Cape Town - There was a growing chance that the government would change the law to stop the practice of suspending officials on full pay for long periods, Public Service and Administration Minister Richard Baloyi
said on Wednesday.
"This is a major challenge. There is a greater possibility of amending certain sections of the Public Service Act," Baloyi said after briefing MPs on the launch of a new departmental anti-corruption unit next week which will run for a trial five-month period.
He said changes might include making it compulsory to conduct a preliminary investigation before a public official is suspended to establish whether the charges were serious.
If so, tighter timeframes for concluding the ensuing disciplinary case would be imposed.
"You need to look at the provision for the suspension with pay as it is now. You might want to agree that before you suspend a person, a preliminary kind of investigation is carried out. We need to asses the prima facie case. So you look at the merit of that ... when does it merit suspension, what is the seriousness of this case.
"There has to be these things infused in our system of dealing with these things."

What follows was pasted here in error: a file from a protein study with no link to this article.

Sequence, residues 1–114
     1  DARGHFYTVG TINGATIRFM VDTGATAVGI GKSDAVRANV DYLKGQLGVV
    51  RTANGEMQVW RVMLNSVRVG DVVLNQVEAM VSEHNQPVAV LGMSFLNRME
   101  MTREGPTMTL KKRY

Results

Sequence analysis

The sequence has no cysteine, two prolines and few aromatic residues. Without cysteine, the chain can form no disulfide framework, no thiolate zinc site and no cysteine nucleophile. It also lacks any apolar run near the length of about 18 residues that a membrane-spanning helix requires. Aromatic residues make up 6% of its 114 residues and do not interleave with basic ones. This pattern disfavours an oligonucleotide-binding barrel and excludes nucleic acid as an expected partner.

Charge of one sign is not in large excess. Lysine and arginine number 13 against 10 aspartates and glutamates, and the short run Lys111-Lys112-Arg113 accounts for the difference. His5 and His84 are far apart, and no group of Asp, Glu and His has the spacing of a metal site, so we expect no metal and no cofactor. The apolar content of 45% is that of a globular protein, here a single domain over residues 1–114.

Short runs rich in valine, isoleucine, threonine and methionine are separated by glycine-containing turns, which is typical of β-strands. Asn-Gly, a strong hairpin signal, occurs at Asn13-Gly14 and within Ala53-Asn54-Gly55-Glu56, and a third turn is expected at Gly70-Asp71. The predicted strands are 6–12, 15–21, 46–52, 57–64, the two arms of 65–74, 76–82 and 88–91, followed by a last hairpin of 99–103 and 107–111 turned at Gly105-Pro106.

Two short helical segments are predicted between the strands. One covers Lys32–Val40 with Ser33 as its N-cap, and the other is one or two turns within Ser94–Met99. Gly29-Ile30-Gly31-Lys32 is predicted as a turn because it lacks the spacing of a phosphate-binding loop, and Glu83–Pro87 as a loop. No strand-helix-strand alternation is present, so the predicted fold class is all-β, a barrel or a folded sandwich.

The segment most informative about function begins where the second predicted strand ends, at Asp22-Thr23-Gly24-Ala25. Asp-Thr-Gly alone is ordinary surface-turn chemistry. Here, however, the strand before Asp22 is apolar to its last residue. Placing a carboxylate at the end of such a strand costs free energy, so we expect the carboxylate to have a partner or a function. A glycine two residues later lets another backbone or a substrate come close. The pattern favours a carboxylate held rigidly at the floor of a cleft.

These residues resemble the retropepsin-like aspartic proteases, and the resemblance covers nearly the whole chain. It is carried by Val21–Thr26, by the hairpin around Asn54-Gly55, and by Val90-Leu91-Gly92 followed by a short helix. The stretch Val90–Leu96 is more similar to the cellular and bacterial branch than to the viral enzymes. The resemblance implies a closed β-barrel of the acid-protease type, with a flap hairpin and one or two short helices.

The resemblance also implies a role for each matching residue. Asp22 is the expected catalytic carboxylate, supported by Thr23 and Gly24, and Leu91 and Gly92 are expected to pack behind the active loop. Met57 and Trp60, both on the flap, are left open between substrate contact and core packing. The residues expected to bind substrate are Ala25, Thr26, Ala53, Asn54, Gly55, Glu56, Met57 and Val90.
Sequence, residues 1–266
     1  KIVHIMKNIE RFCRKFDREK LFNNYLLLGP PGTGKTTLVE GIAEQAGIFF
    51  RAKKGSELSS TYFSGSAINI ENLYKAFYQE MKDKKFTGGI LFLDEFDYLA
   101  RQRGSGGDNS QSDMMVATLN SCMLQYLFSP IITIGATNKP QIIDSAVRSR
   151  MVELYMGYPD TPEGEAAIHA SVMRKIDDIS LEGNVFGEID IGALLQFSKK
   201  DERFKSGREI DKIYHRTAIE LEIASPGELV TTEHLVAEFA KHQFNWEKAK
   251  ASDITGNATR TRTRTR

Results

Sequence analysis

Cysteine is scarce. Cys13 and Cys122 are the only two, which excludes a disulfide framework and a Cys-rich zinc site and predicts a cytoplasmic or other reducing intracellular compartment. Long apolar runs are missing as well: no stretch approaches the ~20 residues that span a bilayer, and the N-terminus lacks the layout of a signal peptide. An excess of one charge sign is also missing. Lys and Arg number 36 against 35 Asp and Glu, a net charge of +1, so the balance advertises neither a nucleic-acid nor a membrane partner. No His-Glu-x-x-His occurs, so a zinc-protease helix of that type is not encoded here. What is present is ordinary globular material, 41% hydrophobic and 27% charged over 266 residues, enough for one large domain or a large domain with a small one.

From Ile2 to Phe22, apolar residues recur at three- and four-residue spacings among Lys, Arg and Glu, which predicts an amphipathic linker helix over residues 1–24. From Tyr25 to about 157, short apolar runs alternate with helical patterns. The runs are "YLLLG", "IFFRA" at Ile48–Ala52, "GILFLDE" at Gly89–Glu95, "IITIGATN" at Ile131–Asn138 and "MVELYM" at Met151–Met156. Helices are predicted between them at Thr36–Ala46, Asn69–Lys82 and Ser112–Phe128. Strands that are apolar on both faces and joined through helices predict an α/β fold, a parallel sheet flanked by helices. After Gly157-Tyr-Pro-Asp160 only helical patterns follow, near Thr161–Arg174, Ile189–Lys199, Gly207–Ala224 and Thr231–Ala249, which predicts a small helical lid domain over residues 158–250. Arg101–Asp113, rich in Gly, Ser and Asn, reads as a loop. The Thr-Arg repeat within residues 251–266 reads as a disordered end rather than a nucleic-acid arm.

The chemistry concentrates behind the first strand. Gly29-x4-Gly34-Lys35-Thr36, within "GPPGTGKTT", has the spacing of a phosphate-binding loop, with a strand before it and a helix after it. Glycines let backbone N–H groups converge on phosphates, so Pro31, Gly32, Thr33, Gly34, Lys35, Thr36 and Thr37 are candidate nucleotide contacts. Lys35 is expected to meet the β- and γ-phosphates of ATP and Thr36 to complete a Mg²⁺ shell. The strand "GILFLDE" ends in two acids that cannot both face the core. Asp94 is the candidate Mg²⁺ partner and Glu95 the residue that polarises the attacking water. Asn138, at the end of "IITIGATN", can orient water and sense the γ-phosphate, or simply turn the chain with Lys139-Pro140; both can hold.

Baloyi said public service managers must be made to understand that suspension was not be an arbitrary mechanism and that where it was used, the case needed to be handled expeditiously.
"This protracted handling of discipline is because of not fast-tracking hearings. So the person suspended says: 'Why do I worry, I'm getting my money at the end of the day'.
"So we need to make sure that our managers don't do that. We need to centrally look at the whole issue of prosecution. So we look from on high from a public service point of view and we say this thing shall run and this case shall be concluded."
He said reviewing the disciplinary process would be one of the key tasks of the new anti-corruption unit to be launched next week. It formed part of efforts to centralise the fight against corruption in the public service, Baloyi said.
He said decentralisation would not see him interfering in the departments of other ministries, but rather reporting to cabinet and parliament if they failed to act against corruption.
President Jacob Zuma
has criticised the "roundabout" manner in which disciplinary action against state officials are handled and said it was unacceptable that suspects could spend more than a year on suspension with full pay.
Baloyi was briefing parliament on anti-graft measures for the second time in as many months. He took strong exception to criticism from opposition MPs who said the government did not need further measures, but proper implementation of existing ones.
The key to success was centralising the process, he said.
Baloyi said the unit would be launched with a "small" number of members, and after five months its structure would be reviewed to see what form it ultimately needed to take.